We've come to know Rep. Michele Bachmann (R-Minn.) as a curious sort, politically speaking, but her latest move -- touting her vote against raising the debt ceiling in her latest campaign ad -- strikes as odd, if not uncomfortable.

Running the ad in Iowa, Bachmann promotes the fact that she voted against a compromise bill in the House this week and the "Cut, Cap, and Balance" bill that sought to reduce federal spending the previous week.

Arguing to voters that she's a plausible U.S. presidential candidate because she voted against raising the debt ceiling seems odd, considering the horrible spot America would be in today had she gotten her way with just say no.

The political gridlock leading up to the eventual compromise in Washington was near disastrous. But had political leaders not found a way in the final hours before an Aug. 2 deadline to reach agreement in majority to raise the debt ceiling, America would have been left in a financial mess. Financial markets were already trembling at the thought, and the world's largest economy in default would not have been a pretty sight.

Yet Bachmann argues in the Iowa campaign ad she did the right thing.

"Someone needs to say, 'no,'" Bachmann says in the ad, taped in Ames, site of the closely-watched Iowa Straw Poll. "I voted against raising the debt limit because it's time to balance the budget and pay down the debt. I mean it, and you can believe it."

Bachmann is certainly right about the larger point. It is time to balance the budget and pay down the debt. But it's hard not to be leery of candidates like Bachmann who use such curious positioning as voting against a necessary measure once it's clear the needed votes are there to get it done.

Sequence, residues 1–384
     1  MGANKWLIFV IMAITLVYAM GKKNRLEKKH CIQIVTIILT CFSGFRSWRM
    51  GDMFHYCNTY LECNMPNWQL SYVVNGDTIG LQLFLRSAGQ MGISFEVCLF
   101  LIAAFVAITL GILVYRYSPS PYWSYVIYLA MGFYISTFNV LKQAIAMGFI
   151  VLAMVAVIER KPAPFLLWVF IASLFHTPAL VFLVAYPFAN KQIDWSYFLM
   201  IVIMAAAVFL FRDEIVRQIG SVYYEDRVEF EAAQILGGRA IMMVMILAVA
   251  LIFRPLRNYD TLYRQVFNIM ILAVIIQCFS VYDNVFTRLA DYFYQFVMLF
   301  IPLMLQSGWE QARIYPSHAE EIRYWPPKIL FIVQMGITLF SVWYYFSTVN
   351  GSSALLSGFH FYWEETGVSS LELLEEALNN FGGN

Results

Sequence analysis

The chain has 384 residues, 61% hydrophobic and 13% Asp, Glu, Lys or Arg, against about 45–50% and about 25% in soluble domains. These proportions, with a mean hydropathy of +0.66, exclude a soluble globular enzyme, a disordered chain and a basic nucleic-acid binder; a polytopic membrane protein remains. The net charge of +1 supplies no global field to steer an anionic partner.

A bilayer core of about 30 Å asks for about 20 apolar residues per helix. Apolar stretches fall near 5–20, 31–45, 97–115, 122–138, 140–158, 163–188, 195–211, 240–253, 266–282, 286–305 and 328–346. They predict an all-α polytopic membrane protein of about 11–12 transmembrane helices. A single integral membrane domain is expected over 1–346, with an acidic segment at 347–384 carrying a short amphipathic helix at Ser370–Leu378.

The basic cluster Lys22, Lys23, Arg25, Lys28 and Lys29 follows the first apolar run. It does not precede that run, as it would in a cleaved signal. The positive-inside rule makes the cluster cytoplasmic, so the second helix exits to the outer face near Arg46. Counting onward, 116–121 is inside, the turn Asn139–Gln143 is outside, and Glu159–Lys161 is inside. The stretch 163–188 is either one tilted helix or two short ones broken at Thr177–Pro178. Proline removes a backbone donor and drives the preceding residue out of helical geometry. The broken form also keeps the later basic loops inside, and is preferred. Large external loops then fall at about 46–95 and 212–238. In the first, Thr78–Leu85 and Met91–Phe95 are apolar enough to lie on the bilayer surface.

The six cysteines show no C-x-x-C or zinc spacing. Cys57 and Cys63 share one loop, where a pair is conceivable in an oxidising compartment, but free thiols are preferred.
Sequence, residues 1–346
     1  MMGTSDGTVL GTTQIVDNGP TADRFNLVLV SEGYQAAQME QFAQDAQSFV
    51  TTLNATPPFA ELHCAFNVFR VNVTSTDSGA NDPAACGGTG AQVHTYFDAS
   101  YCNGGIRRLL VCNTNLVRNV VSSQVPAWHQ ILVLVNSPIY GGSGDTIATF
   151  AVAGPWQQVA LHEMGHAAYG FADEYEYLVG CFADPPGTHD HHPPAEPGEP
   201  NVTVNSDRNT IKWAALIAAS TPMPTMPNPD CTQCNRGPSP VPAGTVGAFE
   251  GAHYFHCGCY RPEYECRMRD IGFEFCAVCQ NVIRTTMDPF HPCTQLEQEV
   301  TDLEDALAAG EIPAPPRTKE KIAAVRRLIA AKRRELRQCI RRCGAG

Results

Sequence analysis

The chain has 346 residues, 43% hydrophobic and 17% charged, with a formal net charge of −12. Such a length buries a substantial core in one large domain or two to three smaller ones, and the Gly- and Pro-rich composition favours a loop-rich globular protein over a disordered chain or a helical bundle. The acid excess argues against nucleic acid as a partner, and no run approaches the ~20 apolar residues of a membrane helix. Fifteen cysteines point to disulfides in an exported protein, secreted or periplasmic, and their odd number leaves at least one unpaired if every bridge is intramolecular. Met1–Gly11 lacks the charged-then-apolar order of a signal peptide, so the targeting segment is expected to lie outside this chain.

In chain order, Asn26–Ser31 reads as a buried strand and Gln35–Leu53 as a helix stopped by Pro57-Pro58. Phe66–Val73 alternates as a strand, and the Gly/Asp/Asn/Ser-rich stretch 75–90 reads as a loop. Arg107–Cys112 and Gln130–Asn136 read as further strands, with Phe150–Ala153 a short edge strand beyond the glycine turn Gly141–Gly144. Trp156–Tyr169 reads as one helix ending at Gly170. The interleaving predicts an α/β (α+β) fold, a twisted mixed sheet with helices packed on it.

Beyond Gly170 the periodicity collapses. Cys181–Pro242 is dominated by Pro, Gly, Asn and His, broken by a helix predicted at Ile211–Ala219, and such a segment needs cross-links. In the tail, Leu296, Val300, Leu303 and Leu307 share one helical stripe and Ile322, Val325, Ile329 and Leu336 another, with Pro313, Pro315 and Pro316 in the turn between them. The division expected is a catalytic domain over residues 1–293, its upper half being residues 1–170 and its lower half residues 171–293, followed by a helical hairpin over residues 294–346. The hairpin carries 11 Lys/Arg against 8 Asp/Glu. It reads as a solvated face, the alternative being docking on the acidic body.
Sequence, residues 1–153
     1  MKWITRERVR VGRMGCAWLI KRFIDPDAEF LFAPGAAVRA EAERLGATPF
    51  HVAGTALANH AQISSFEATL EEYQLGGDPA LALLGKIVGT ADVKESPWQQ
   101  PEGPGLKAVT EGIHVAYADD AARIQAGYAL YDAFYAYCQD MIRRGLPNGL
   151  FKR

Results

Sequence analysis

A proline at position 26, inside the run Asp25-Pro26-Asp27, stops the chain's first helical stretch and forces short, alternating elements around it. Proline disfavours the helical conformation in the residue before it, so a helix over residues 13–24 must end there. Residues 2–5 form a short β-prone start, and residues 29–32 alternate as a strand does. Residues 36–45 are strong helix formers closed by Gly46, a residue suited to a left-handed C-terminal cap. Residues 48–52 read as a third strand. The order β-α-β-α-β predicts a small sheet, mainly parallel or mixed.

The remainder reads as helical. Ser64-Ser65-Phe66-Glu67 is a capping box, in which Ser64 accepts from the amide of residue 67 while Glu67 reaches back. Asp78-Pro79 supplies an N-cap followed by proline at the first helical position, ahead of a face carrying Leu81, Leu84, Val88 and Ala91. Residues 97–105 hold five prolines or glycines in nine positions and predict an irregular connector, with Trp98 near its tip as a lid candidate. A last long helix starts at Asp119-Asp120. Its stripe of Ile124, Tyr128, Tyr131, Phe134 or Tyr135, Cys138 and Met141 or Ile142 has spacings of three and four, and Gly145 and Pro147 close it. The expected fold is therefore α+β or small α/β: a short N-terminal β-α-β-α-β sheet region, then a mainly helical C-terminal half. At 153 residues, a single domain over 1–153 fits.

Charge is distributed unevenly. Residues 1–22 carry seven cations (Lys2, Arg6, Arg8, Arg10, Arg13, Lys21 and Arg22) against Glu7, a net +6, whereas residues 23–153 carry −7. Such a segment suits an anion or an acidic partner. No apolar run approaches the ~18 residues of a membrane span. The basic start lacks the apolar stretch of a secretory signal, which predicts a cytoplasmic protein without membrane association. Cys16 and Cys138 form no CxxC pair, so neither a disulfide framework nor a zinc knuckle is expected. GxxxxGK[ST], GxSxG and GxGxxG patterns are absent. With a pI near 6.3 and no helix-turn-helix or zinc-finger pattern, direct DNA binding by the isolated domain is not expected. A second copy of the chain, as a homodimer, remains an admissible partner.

The Tea party favorite maintained all along in the debt ceiling debate that there was no need to raise it. But the reality is that America already had commitments above and beyond the previous debt ceiling limit of $14.3 trillion. To keep social security checks flowing, and to keep domestic and global markets from roiling in panicked revolt there was simply no choice.

So while she's right that America must balance the budget and pay down debt, the issue is really a separate one from the pressing need to raise the debt ceiling limit.

It's clear why she is promoting her vote against the measure. Publicly, such talk is popular because most Americans rightly do not approve of the enormous federal deficit. They want a balanced budget. That's one thing we've learned in the past year. The Tea party found core strength from the case in mid-term elections last year.

Bachmann may very well gain strength from touting how she voted against the debt ceiling. But Americans should be thankful more in Congress did subscribe to her way of thinking, and voting.

If others had not voted in majority to raise the debt ceiling, it's doubtful Bachmann would be touting her no vote in Iowa this week, since America would likely be in a very bad spot as a result.